"You have been down by the river, I see," Holmes said, dryly, casting his eyes over the mud-splattered hems of Watson's trousers, "no doubt treating the ailments of the poorer folk… you have set a broken limb today; I see the remains of white plaster around your fingernails – probably some unfortunate who slipped on the ice. You have not been well paid for your troubles, as you did not stop at a bar or club on the way home, and you left so early this morning that I do not doubt that you have spent some time at the hospital as well."
"All correct, as usual," Watson smiled, though the warmth did not reach his eyes, "many members of the hospital staff are now its patients; there is a particularly virulent strain of 'flu going around this winter…"
"…One which you, my dear fellow, are going to catch if you are not careful," Holmes told him, sternly, "really – there must be other doctors in the city who can assist!"
"At this time of year…? Not enough, Holmes – not nearly enough…" Watson sighed, closing his eyes, and leaning back in the chair.
Holmes eyed the doctor carefully; their trip to Dartmoor had been arduous for both of them, although he had not been stuck out on the moor for several hours in the snow like the unfortunate Watson. The doctor had returned to London with a lingering cold, and a work load that would have made Holmes envious were they more his kind of cases.
Watson coughed, sleepily, already half-dozing in his chair. Holmes slowly got to his feet and crossed to the drinks cabinet, where he took down two clean glasses. He was just pouring the first drink when he heard a heavy pounding at the front door. He hesitated only momentarily, hearing Mrs Hudson answer it, before he continued to pour, deciding to wait to see what portents his visitor might bring. A case, perhaps…!
He turned, as the sitting room door opened, and Mrs Hudson stepped inside quickly.
"I'm sorry to disturb you," she said, sounding genuinely regretful, "only there's a young man to see Dr Watson, and he's awfully distressed…"
"I see," Holmes said, keeping an even tone, even as his hopes fell; "Watson?"
The doctor sighed, tiredly, but he was already getting to his feet; "Show him in, please."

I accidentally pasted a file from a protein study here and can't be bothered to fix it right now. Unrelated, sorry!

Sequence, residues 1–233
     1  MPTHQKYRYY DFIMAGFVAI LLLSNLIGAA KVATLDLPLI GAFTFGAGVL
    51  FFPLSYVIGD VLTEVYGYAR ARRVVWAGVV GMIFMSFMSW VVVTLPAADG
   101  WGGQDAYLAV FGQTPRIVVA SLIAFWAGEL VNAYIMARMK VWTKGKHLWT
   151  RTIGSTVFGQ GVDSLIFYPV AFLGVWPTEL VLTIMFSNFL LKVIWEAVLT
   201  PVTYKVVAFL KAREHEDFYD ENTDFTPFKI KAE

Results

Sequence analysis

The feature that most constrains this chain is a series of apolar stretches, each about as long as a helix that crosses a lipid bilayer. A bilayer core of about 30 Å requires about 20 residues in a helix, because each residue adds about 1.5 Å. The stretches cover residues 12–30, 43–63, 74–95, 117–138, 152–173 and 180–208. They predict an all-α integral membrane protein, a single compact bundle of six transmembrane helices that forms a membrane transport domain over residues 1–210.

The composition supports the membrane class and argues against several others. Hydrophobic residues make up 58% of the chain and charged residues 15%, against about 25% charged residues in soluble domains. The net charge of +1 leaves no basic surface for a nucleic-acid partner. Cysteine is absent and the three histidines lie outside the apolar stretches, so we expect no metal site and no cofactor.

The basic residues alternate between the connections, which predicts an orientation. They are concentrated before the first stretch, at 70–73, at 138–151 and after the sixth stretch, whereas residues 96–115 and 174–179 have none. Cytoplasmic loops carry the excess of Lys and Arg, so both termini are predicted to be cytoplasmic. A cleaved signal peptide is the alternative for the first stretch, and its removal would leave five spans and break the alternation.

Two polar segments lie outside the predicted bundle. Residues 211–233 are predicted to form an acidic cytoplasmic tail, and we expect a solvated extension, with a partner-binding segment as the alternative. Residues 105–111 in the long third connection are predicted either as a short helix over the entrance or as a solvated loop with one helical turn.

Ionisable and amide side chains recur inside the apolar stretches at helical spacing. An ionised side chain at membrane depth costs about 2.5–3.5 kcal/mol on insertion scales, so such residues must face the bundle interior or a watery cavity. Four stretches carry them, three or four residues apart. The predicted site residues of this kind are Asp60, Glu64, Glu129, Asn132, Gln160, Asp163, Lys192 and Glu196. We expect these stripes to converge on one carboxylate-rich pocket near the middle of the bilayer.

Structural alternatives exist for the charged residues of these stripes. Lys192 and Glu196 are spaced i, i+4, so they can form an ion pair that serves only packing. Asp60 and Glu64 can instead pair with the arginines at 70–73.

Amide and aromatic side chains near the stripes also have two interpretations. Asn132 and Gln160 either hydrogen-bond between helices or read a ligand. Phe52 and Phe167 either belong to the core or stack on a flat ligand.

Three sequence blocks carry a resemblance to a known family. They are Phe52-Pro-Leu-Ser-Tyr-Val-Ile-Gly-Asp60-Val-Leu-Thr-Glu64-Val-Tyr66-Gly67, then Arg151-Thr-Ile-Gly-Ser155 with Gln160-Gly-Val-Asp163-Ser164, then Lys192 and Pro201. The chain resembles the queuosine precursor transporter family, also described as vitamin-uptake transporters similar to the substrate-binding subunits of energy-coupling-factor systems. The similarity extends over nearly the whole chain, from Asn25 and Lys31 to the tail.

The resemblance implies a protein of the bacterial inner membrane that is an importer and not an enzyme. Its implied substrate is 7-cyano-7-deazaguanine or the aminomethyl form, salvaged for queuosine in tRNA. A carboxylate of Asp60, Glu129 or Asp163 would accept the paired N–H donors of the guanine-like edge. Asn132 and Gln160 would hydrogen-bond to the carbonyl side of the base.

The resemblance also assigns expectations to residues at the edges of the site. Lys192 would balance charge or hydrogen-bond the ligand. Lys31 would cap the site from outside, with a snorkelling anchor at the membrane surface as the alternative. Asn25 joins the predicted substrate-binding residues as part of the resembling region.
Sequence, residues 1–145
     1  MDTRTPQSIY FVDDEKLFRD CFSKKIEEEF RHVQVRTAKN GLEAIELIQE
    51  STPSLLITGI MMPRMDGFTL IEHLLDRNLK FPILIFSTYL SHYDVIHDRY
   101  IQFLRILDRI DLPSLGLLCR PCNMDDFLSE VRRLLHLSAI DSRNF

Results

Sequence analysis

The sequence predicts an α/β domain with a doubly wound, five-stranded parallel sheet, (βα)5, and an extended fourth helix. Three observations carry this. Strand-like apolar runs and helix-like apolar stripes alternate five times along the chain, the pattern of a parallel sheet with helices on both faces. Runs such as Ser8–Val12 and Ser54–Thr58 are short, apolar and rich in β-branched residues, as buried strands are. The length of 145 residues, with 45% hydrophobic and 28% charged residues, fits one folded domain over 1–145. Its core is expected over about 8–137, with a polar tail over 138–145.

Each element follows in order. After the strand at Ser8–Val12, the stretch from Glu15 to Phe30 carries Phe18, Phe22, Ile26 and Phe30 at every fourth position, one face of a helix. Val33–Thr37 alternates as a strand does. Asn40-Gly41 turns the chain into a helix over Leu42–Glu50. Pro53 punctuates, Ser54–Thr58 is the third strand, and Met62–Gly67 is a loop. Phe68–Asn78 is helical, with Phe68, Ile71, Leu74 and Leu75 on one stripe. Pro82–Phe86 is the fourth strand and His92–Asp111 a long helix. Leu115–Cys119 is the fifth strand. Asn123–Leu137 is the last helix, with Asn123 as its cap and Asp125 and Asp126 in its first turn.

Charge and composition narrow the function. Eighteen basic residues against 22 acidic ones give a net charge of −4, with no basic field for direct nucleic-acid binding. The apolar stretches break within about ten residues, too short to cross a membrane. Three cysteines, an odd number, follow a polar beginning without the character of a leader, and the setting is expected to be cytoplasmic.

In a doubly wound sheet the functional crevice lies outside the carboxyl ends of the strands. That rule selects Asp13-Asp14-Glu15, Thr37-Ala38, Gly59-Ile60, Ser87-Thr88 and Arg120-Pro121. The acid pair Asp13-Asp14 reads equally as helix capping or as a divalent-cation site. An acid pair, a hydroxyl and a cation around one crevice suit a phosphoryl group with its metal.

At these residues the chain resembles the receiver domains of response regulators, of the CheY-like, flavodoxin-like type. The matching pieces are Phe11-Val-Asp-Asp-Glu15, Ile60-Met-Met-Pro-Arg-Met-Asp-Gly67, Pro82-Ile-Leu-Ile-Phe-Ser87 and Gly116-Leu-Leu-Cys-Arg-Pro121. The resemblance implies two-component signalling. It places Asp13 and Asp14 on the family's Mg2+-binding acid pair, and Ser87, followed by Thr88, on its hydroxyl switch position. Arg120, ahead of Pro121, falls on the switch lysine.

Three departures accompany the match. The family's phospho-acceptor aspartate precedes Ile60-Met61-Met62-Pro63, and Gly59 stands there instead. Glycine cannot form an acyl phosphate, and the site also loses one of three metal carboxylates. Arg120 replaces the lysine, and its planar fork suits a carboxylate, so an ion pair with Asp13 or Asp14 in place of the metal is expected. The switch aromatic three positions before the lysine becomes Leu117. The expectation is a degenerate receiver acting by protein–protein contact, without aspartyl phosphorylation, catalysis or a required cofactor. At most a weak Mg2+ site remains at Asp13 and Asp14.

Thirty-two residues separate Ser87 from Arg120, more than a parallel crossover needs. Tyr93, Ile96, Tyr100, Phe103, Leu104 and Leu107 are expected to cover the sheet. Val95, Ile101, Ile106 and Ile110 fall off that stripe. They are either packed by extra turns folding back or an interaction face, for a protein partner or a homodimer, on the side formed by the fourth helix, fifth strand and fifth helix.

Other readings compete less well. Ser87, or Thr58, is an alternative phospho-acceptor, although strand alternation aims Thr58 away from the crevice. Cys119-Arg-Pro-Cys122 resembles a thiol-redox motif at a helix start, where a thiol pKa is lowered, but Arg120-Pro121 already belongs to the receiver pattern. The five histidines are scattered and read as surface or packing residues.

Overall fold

Mrs Hudson nodded, and ducked back outside, making way for a thin, pale-faced man. He was about five-foot-eleven, with straw-blonde hair and a quick, furtive manner. His blue eyes jumped from Holmes to Watson and back again, and he almost fell to his knees in pleading, his filthy hands reaching out, without actually touching either of them.
"Easy now, Harry," Watson said, gently, "What on earth's the matter? Holmes, this is Harry Frederickson, a dock-hand from down by the river."
"Sir," Harry said, quickly, to Holmes, giving a deferential nod, as he turned beseeching eyes towards Watson, "doctor, it's Molly – my wife, sir – she's bad again, her chest – she fell, and she… she couldn't get up, and, and the children…"
"We'd better go straight there," Watson nodded, briskly, "Holmes – I don't know how long…"
"Just be careful, Watson," Holmes replied, nursing his brandy glass gently in one hand even as he spoke.
Watson dipped him a nod and a quick smile, snatching up his hat, coat, bag and cane, before following the dock-hand quickly down the stairs. Holmes watched, through the window, as the doctor called for a cab – one he could ill afford, no doubt – to get them both to his patient sooner rather than later. Holmes sighed. The poor always did without a doctor until it was usually too late, unable to afford the cost of medical services. There really ought to be some sort of national provision for such things, in his opinion. He made a mental note to mention it to his politically-minded brother at some point…
Bored, he turned away from the window. Perhaps, just for a few hours, oblivion would be nice…